Text-and-Response

Isn’t it strange how connected we all are? Unknowingly, we all collectively power a light source that illuminate’s sidewalks, alley’s and neighborhoods. Made from wood, plastic, metal and copper, this freestanding poll is the sole median of connectivity. With its many running lines, it hosts power to many other light poles. This is one example of a shared experience. This experience is accompanied by benches and atmosphere, depending on weather conditions. This single light source has become a meeting place for friends, passers-by and strangers. Thus, a community is built from a simple experience. There must be more to paying your monthly electric bill.

With these bills and everyday expenses, it’s difficult to imagine how the function of them pays off. Electricity is a commodity and necessary in our growing society. However, for arguments sake, is it really a necessity? Through the glowing screen of our handheld devices, it has dampened our truest form of communication, speech. Ever get caught in an awkward conversation? Surely. We’ve adjusted ourselves to this program called “text-and-response”.  With a text, you have endless time to think of a response, in your mind, well enough for a follow-up response. It is your duty as the receiver to either dodge the conversation or keep it alive. Over text, it is easy to not respond, almost intoxicatingly easy. If you don’t want to hang out with someone then you don’t respond and claim that your phone was dead. When in public, it’s not as simple.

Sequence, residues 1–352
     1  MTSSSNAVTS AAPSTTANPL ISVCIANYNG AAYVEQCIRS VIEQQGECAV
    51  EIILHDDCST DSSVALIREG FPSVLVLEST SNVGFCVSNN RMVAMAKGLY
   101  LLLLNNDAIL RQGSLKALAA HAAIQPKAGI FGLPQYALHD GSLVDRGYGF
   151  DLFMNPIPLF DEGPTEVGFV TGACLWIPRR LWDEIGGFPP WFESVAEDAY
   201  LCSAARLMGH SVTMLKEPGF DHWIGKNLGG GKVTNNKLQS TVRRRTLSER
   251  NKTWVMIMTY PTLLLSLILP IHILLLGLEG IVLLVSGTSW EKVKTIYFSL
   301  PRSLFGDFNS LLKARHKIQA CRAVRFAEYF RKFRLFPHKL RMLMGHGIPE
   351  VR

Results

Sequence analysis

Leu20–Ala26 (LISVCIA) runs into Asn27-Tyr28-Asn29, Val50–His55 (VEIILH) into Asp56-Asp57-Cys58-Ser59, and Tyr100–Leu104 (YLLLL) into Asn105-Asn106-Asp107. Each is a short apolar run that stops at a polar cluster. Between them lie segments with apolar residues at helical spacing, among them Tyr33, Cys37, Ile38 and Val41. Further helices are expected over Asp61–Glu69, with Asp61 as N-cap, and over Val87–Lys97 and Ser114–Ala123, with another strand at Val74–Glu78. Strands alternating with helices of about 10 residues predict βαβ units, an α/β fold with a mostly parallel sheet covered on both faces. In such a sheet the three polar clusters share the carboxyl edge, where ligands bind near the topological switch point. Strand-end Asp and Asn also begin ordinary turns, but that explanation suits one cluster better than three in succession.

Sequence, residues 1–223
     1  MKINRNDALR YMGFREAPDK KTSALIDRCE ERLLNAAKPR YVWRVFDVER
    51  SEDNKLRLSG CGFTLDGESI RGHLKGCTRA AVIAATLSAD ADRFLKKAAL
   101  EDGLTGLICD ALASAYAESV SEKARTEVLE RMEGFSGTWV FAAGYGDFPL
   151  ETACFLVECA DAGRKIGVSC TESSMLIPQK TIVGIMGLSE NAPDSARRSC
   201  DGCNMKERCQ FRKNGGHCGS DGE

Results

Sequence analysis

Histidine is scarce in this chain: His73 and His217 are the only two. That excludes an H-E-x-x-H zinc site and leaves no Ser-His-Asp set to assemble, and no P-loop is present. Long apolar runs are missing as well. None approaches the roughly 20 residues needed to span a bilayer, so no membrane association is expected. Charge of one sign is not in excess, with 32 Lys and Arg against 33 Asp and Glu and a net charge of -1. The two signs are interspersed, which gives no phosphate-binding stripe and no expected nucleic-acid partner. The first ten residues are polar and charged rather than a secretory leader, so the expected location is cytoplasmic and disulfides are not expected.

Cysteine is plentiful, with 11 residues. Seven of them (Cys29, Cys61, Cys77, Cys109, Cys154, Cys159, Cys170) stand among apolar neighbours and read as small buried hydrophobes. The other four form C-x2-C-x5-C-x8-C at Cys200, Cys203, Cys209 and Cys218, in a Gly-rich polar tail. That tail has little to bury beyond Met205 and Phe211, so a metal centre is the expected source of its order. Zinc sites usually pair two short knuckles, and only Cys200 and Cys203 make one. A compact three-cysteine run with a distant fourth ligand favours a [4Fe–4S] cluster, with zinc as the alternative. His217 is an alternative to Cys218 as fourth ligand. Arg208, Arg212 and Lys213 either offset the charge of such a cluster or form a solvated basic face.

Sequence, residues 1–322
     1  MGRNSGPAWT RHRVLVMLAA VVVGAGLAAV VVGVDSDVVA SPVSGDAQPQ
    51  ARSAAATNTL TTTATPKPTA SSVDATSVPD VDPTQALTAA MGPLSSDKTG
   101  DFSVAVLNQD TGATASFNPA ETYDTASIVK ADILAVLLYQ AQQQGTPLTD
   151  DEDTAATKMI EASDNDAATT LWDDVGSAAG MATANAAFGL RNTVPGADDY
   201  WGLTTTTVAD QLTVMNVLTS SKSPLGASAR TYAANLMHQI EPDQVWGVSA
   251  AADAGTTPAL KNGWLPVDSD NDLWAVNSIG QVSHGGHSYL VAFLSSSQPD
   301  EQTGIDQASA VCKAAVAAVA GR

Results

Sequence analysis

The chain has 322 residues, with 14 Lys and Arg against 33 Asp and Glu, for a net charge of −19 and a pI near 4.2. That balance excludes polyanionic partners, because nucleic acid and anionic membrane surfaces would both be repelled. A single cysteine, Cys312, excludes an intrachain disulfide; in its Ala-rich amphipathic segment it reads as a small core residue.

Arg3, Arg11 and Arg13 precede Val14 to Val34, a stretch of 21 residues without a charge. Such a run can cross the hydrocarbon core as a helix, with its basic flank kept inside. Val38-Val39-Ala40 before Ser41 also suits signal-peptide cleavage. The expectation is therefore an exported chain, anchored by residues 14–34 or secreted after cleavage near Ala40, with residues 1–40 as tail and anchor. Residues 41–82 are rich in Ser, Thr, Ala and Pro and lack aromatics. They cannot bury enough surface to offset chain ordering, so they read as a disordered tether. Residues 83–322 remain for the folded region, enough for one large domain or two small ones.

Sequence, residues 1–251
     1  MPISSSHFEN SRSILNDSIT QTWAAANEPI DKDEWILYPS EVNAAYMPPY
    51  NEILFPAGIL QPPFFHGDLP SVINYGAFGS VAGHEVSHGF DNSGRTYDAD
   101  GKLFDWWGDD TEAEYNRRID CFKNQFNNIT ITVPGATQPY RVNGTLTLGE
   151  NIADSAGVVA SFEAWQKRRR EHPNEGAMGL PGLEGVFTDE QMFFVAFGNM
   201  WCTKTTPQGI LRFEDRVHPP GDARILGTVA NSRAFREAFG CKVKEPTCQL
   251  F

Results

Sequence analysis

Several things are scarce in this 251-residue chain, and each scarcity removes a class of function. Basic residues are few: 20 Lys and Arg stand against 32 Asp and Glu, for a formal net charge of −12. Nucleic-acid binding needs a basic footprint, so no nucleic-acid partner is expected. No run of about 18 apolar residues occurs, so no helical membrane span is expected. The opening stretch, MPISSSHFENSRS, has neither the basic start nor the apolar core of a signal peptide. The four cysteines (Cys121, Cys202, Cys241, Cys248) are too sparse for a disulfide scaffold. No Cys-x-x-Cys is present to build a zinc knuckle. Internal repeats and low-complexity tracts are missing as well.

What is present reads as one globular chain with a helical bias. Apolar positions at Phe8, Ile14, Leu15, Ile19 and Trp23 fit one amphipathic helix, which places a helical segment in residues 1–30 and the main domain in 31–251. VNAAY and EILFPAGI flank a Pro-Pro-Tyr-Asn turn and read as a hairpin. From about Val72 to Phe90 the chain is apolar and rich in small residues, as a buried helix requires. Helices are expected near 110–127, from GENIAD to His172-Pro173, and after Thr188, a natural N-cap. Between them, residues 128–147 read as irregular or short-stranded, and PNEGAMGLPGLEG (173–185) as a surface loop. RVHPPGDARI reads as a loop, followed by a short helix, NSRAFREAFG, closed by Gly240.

The art of conversation truly is a mastery. Although technology and electricity has given us the power to connect with nearly anyone in the world, it’s limited us to connecting with our own neighbors. Light poles are more than freestanding sources of light, they are the last form we have that creates a pocket free experience with friends and strangers alike.